Once again, Brandon Sanderson blew me away with his impeccable characters and world building.
Elantris was the capital of Arelon: gigantic, beautiful, literally radiant, filled with benevolent beings who used their powerful magical abilities for the benefit of all. Yet each of these demigods was once an ordinary person until touched by the mysterious transforming power of the Shaod. Ten years ago, without warning, the magic failed. Elantrians became wizened, leper-like, powerless creatures, and Elantris itself dark, filthy, and crumbling.
Arelon’s new capital, Kae, crouches in the shadow of Elantris. Princess Sarene of Teod arrives for a marriage of state with Crown Prince Raoden, hoping — based on their correspondence — to also find love. She finds instead that Raoden has died and she is considered his widow. Both Teod and Arelon are under threat as the last remaining holdouts against the imperial ambitions of the ruthless religious fanatics of Fjordell. So Sarene decides to use her new status to counter the machinations of Hrathen, a Fjordell high priest who has come to Kae to convert Arelon and claim it for his emperor and his god.
But neither Sarene nor Hrathen suspect the truth about Prince Raoden. Stricken by the same curse that ruined Elantris, Raoden was secretly exiled by his father to the dark city. His struggle to help the wretches trapped there begins a series of events that will bring hope to Arelon, and perhaps reveal the secret of Elantris itself.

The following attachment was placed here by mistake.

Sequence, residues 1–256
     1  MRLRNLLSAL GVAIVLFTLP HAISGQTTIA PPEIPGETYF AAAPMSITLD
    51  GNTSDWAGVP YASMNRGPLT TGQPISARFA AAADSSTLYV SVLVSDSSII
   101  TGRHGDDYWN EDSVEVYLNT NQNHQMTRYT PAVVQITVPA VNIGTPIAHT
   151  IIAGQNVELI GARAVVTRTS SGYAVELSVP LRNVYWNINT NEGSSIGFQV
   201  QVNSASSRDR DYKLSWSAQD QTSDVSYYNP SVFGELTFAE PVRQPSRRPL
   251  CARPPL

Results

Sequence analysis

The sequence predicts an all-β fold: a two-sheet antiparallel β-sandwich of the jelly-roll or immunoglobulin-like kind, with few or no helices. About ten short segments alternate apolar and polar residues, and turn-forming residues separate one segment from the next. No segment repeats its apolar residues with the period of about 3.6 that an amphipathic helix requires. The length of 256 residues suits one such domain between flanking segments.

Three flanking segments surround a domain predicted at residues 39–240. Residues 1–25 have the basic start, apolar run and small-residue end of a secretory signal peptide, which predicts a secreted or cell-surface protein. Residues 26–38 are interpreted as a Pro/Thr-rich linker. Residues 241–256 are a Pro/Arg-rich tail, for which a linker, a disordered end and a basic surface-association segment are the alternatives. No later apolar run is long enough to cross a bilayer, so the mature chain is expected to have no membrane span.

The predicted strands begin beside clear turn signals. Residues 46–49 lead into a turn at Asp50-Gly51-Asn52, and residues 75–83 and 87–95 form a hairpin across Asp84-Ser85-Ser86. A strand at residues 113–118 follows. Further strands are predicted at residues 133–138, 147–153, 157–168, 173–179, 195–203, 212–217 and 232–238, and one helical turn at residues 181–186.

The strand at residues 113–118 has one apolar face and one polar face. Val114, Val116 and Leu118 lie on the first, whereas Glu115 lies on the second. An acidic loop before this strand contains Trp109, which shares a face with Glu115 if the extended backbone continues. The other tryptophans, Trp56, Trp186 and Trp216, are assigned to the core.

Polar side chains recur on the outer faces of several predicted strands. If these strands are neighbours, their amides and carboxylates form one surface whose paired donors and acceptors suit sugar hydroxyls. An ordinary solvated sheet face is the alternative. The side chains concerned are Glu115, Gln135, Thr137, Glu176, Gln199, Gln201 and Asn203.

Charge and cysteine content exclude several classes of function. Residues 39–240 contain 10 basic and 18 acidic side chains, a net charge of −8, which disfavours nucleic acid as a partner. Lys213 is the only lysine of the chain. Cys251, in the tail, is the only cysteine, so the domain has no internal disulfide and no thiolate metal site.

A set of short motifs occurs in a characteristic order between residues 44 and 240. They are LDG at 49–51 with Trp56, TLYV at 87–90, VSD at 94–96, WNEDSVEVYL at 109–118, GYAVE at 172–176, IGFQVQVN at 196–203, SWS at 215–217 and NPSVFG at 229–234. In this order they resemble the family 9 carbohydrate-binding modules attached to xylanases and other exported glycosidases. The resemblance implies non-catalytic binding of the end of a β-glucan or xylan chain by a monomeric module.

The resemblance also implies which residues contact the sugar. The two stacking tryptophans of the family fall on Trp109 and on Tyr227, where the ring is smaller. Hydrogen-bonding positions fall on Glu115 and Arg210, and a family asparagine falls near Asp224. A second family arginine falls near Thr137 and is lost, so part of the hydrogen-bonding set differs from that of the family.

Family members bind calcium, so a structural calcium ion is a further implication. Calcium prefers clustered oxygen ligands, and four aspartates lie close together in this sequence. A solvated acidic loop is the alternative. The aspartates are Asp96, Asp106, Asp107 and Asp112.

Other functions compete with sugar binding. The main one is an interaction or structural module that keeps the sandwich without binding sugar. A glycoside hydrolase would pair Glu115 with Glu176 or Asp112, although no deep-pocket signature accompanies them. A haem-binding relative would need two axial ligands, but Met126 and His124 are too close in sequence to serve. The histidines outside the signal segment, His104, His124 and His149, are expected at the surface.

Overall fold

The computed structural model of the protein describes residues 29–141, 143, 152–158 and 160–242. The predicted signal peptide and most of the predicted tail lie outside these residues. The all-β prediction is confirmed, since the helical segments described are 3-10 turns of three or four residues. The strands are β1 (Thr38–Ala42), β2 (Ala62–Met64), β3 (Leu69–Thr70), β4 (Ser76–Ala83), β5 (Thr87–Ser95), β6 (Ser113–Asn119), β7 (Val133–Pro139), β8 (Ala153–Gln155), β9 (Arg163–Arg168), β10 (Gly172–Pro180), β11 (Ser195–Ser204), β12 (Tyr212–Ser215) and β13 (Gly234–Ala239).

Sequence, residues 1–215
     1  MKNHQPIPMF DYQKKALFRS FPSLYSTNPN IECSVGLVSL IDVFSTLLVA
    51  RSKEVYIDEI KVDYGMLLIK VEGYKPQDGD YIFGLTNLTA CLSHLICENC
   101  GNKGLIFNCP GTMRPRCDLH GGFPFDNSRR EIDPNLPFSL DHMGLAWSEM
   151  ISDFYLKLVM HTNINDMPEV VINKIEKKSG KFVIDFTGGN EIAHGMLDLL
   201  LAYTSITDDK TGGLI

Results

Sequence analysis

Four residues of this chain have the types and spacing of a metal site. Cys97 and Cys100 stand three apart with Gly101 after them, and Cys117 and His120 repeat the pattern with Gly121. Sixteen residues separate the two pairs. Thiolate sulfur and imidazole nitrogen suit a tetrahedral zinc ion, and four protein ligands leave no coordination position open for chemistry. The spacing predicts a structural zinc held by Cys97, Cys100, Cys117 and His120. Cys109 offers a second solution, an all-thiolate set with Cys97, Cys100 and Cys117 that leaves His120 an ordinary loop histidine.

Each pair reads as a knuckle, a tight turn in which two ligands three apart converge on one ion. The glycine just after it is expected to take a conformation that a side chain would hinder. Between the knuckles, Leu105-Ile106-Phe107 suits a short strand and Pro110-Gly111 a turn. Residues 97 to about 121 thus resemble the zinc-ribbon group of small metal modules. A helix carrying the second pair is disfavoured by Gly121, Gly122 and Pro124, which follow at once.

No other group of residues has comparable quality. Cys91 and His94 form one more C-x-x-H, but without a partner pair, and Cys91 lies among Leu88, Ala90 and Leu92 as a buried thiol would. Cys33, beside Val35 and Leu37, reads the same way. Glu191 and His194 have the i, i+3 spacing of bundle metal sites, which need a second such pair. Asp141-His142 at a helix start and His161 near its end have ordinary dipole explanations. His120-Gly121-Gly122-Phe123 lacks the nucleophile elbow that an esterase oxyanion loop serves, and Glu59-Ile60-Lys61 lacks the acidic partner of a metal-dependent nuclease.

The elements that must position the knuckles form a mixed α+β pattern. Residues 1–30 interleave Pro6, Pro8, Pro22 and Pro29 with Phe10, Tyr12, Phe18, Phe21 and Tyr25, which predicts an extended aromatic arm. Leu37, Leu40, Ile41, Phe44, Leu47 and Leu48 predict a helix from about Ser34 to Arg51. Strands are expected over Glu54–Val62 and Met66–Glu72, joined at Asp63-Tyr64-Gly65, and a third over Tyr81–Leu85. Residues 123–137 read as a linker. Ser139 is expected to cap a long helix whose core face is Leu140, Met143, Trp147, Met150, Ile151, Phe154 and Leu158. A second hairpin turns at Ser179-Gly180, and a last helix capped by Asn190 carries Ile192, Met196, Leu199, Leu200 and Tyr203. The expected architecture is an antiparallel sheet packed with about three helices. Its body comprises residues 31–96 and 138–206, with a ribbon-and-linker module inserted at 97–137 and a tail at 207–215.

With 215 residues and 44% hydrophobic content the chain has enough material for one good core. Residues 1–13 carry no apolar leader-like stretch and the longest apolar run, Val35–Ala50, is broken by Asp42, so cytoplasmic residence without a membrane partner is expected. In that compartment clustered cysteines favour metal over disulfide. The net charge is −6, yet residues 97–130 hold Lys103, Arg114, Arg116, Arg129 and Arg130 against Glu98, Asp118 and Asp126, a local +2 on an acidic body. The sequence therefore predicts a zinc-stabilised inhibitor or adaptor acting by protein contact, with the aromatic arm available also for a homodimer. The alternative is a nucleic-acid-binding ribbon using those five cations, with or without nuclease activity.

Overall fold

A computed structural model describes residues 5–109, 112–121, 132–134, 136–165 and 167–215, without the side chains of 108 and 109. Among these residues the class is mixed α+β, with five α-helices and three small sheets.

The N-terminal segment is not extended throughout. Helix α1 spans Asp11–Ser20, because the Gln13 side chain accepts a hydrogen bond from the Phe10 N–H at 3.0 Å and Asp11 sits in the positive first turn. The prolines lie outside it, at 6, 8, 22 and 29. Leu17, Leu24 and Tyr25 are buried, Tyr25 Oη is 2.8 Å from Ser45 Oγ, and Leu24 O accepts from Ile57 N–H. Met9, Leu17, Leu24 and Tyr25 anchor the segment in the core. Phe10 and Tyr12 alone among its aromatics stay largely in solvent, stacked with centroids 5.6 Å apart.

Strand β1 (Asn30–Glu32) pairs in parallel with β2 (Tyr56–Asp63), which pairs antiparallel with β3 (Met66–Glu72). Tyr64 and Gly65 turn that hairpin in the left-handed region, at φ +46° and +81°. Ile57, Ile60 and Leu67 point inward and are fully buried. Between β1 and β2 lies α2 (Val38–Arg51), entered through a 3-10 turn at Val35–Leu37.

It’s no secret that I love Brandon Sanderson’s writing…a lot. Elantris only increased my respect for him as a writer and my need to read everything he’s written.
Elantris is told from three alternating points of view: Sarene, Raoden, and Hrathen. Though stories with different POVs usually annoy me, I loved every POV in Elantris, and I never found myself bored by any of their plot lines.
Sarene was my favorite POV. She is strong and incredibly smart, and she stands up for herself without being the stereotypical, sassy YA heroine. But her character also has deep-seated insecurities surrounding her femininity and her place in royal society. While these worries could have come across patronizing or sexist, for Sarene they felt real and honest. Her desire to be loved gave her character depth and nuance instead of making her seem weak or needy.
Raoden, crown prince turned plague-ridden exile, was my second favorite character. I loved his down-to-earth honesty and his belief in the goodness of human nature. He takes it upon himself to save the damned Elantrians from themselves, regardless of their plague. His character never felt cheesy or overdone. Raoden is simply a natural leader with an optimistic heart.
Hrathen was a fascinating character. He starts off the book a clear villain, but as the story progresses, it becomes clear that he cannot be so easily defined. His goals run counter to those of Raoden and Sarene, but he is not inherently evil. He believes that he is saving the country, and he is just as brilliant as Sarene.